The General Data Protection Regulation (GDPR) can be daunting and confusing for many WordPress website owners. However, the consequences of violating GDPR mean that you cannot afford to ignore this regulation.
Fortunately, plugins, tools, and best practices can make your WordPress website GDPR compliant. By following a few straightforward steps, you can bring your site into line with this European Union (EU) law and avoid fines and possible jail time.
In this post, we’ll demystify this complex and sometimes intimidating legislation. We’ll then show how to update your WordPress website for these new rules. Let’s get started!
An introduction to GDPR (and why it’s important)
The General Data Protection Regulation (GDPR) is a European Union (EU) directive that came into effect in May 2018. It was created to give EU citizens more control over their personal data:
Personal data is any information that could directly or indirectly identify a living person. For example, it can include names, email addresses, bank details, or Internet Protocol (IP) addresses.
The GDPR lays out strict rules for keeping this data secure and reporting any security breaches. It also specifies how to document your information collection. Finally, it outlines security procedures to demonstrate compliance with the regulation.
Crucially, this legislation doesn’t just apply to organizations based in Europe. If you offer goods or services to any citizen, resident, or visitor to the EU, you’re legally obligated to adhere to the GDPR.
Simply having a website accessible to EU data subjects doesn’t make you subject to the GDPR. However, if you provide services to EU citizens or track behavioral data related to them, the GDPR applies to you.
For example, something as simple as running targeted advertising campaigns or monitoring your visitors with Google Analytics makes you subject to the regulation.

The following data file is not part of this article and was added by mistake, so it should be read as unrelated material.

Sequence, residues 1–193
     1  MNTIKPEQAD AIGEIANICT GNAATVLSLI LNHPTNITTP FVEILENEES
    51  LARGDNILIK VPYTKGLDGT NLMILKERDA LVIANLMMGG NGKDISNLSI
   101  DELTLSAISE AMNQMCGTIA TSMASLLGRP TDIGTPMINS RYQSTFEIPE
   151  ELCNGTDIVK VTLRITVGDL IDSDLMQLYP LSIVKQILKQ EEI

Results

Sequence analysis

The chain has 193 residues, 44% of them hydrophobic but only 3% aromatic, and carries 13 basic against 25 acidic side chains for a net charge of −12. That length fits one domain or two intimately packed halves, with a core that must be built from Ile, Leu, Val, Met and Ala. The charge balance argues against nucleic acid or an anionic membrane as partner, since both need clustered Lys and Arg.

The regulation applies to all data controllers, which is anyone who collects information from EU subjects. They also apply to data processors. These are organizations or individuals who process the information on behalf of data collectors.
If you fail to comply with the GDPR, the results could be disastrous – and expensive. The EU sets a maximum fine of €20 million or 4 percent of your organization’s annual global turnover. In severe cases, violating the GDPR may even result in a prison sentence.
5 steps to make your WordPress site become GDPR compliant
GDPR fines aren’t just an empty threat. In 2021, the Amazon e-commerce store received a record-breaking €746 million fine for violating the regulation.
With more and more websites receiving penalties, let’s make sure you’re playing by the rules. Here’s how to make your WordPress website GDPR-compliant in five easy steps.
1. Ensure your plugins comply with GDPR
If you’re using multiple plugins, this may seem daunting. To make things easier, some developers are starting to tag their plugins as GDPR-compliant.
You should never assume that a plugin is GDPR-compliant just because of a tag. However, it can be a useful starting point to see how a particular add-on manages its data:
The GDPR also gives people the right to access, correct, and delete their personally identifiable information. If any of your plugins collect data, you must export all of this information and provide it to visitors if they ask for it. You must also be able to edit this data or delete it entirely if requested.
If you’re using multiple plugins, this can represent a significant amount of work. It can also become a massive headache for add-ons that make heavy use of personally identifiable information.
The good news is that many developers have already taken steps to ensure their software is GDPR-compliant. If you’re unsure, it’s worth checking the plugin’s listing or the developer’s website for more information.
Since GDPR compliance is such a serious issue, we always recommend reaching out to the plugin’s developer with any questions you may have. You can often find this contact information on the add-on’s website or within its listing in the official WordPress repository.
Your policy should detail the type of data you collect, how you plan to use it, and your steps to protect it. If you share the user’s information with third parties, you’ll also need to disclose this.
This may sound like a lot of work, but some GDPR plugins can help you generate compliant documents.